Vauxhall VX220 Turbo
The AA had just been out to the evo office to fix one of Brett Fraser's temperamental motors and as the helpful chap packed up his tools he asked after our VX220 Turbo. 'How's the VXT then? I've been out a couple of times to fix it now...' A statement, you might think, that would mean we were glad to see the back of the VXT. Well, no actually. It's certainly tried my patience a few times (although it was the dealer rather than the car that really frustrated) but after 13 months and almost 13,000 miles it hu
The AA had just been out to the evo office to fix one of Brett Fraser's temperamental motors and as the helpful chap packed up his tools he asked after our VX220 Turbo. 'How's the VXT then? I've been out a couple of times to fix it now...' A statement, you might think, that would mean we were glad to see the back of the VXT. Well, no actually. It's certainly tried my patience a few times (although it was the dealer rather than the car that really frustrated) but after 13 months and almost 13,000 miles it hurt to see it go. It's just one of those cars. Whatever niggles it suffers, you just want to get in and drive the thing, and when you do it's a rare treat.
A short blast in the VXT is all it takes to know that it's a remarkably composed and brilliantly poised sports car. Spending a year with it only increased our admiration for the ride/handling compromise and punchy engine but we knew it would face a tougher challenge in its role as everyday runabout, long-distance hauler and occasional trackday partner. We drove the car through summer, autumn, winter, spring and summer again. Funny, can't remember much sunshine...
The running-in period was painless enough. The car arrived in August 2003 with 60 miles on the clock, but Vauxhall asks only that you keep the revs below 4000rpm for the first 800 miles. Considering that the VXT produces its peak torque figure of 184lb ft at only 1950rpm that's hardly a chore and 1000 miles were up within two weeks. A trackday followed on the full Silverstone GP circuit and the VXT proved more than capable of hanging on to some of the more gently driven Porsche GT3s. The tyres were barely touched, the brakes lasted well (although when hot the ABS triggers very easily and really dents your confidence) and although the VXT is a bit soft for pure track thrills I can't imagine any occasional trackdayers complaining.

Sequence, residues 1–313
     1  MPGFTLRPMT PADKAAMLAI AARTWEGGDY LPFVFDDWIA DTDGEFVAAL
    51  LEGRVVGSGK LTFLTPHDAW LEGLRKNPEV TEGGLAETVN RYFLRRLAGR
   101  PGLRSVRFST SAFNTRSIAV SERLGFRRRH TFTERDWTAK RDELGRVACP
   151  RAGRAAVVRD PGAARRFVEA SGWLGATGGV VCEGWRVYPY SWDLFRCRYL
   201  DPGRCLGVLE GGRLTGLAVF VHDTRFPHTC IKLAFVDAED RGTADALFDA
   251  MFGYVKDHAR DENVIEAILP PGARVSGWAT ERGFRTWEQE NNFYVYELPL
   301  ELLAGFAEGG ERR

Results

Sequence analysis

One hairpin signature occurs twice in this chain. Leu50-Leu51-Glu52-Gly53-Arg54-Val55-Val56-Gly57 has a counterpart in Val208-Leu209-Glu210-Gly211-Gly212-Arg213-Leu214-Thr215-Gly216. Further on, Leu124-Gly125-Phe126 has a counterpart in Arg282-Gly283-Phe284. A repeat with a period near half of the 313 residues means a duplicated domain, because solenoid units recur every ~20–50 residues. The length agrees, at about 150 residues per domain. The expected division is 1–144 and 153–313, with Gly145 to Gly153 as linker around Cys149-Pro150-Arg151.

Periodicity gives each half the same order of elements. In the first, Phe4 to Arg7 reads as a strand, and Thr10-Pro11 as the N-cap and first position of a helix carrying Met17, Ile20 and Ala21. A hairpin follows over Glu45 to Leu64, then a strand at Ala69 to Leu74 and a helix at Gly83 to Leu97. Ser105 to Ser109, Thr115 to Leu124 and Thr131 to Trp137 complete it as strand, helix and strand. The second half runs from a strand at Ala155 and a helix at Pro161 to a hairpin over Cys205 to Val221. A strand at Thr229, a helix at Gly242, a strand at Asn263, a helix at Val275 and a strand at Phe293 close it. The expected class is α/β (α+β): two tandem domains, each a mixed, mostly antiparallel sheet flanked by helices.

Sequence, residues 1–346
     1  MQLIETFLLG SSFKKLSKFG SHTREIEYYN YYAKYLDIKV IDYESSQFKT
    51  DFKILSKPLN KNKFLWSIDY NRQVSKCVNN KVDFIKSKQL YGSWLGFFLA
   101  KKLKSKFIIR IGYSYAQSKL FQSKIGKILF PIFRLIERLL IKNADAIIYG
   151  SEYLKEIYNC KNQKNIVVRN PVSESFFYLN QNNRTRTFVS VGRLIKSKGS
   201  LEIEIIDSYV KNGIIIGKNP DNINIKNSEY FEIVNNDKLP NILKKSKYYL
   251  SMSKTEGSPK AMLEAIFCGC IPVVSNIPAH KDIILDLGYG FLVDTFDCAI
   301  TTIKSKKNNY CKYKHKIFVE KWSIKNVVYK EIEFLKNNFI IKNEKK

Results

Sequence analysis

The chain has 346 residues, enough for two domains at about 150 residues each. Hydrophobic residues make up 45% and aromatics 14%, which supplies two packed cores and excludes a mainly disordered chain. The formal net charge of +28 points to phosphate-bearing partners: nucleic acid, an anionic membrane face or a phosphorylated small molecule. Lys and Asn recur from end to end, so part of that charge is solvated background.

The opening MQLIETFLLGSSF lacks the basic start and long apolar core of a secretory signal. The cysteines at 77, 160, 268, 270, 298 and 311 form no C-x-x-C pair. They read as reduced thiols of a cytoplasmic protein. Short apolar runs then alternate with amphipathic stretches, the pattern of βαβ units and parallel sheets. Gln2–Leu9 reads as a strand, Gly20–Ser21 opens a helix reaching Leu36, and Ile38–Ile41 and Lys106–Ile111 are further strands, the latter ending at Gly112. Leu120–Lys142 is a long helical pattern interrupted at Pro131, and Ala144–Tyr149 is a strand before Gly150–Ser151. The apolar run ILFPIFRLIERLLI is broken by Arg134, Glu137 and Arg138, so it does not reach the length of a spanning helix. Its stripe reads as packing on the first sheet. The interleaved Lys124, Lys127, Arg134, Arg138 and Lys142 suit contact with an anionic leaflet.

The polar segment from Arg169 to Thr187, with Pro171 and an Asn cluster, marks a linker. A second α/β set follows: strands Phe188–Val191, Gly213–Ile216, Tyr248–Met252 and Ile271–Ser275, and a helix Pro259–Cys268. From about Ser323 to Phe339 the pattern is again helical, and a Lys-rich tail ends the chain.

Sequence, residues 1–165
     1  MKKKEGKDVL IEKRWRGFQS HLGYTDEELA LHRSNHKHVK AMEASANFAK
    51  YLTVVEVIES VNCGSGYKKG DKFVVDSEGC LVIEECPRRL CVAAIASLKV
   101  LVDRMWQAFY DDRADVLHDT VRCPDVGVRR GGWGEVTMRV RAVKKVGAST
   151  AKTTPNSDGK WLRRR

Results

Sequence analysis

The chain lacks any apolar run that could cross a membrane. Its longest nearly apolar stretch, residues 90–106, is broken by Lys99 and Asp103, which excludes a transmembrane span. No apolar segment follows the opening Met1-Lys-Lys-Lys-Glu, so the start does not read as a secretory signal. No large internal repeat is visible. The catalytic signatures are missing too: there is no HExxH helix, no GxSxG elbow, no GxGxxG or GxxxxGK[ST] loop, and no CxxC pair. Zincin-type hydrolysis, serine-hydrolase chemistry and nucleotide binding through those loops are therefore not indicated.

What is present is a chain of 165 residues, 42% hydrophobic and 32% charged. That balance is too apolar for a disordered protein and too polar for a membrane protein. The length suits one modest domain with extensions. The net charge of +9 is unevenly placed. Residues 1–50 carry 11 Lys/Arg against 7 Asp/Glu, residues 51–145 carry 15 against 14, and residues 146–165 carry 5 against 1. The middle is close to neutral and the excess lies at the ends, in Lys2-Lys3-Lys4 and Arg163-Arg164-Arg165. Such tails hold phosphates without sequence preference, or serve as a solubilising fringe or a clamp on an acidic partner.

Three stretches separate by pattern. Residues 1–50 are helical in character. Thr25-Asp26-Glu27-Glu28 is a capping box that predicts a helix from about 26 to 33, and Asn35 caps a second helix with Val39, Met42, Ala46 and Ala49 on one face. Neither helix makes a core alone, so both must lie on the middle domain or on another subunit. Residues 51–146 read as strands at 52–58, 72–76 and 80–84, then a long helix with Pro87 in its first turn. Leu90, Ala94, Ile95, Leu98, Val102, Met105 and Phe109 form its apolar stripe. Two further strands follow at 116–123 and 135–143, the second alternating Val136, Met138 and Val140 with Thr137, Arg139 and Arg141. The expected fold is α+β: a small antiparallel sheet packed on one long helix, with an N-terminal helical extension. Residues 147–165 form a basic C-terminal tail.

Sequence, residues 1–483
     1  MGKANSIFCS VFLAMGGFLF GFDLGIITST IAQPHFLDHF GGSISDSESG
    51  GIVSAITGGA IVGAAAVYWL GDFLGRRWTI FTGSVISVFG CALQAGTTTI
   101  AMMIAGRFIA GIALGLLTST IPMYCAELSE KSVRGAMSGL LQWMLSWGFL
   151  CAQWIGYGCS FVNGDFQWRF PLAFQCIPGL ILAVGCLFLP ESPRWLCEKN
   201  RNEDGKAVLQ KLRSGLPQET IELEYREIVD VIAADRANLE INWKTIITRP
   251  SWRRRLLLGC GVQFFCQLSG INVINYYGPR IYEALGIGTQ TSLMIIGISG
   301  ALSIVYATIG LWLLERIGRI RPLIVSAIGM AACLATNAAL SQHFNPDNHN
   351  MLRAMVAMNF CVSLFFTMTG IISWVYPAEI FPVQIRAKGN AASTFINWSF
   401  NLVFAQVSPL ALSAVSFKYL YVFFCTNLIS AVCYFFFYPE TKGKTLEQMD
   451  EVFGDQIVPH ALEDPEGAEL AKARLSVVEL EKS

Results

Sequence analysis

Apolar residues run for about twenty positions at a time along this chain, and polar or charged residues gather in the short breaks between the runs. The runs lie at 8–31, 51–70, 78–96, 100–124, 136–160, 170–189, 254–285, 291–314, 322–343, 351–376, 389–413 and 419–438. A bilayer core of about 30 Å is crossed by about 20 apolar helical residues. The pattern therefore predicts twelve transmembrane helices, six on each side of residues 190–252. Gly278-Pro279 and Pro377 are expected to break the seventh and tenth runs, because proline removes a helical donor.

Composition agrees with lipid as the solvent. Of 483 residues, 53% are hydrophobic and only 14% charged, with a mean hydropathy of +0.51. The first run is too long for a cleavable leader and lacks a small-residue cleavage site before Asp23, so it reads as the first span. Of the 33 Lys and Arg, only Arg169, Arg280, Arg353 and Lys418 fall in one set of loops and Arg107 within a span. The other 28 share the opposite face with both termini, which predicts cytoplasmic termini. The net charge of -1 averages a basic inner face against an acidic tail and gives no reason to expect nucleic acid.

The VXT wasn't as impressed with my track performance as I was with its showing and in protest decided to develop a gearbox fault. Every time I tried to hook reverse there was a nasty graunch and what seemed like a nuisance was soon diagnosed as a serious problem. KE03 HJN was out of action for the best part of a month while Vauxhall waited for a new gearbox and I was relegated to bigger, lardier 'sports cars' while the VXT languished. Logging on to www.vx220.org.uk revealed that the gearbox failure wasn't a common fault and that plenty of modified cars (with up to 280bhp) were experiencing no problems at all despite big power increases.
By the time KE03 HJN was delivered back to Evo Towers, winter had drawn in. Lots of rain and mud on the road meant lots of rain and mud on me as I clambered over its wide sills every morning and evening. Frosty mornings are even more fun. Thick ice on the inside of the screen, frozen locks and a puny heater combine to make the VXT marginal winter transport, but with the heater on full blast it's just enough to take the chill out of the air. It copes incredibly well with streaming tarmac, though. You'd expect it to fizz into wheelspin with little provocation and fail to lock its nose on line but it's both grippy and adept at dealing with its torque.
More than a few VXTs have met an untimely end after an inappropriate prod on the throttle (we've seen the evidence on various websites and through reader's e-mails) and there's no doubting that a short wheelbase and 197 mid-mounted horses can be a recipe for disaster, but drive it sensibly and heed the unfiltered messages through the steering and the VXT makes brilliant and safe progress even in the most miserable weather. It can bite, of course, but Vauxhall and Lotus have done a fabulous job building a large degree of safety into this chassis whilst retaining nearly all the nimbleness of an Elise and crucially keeping the challenge alive for more experienced drivers.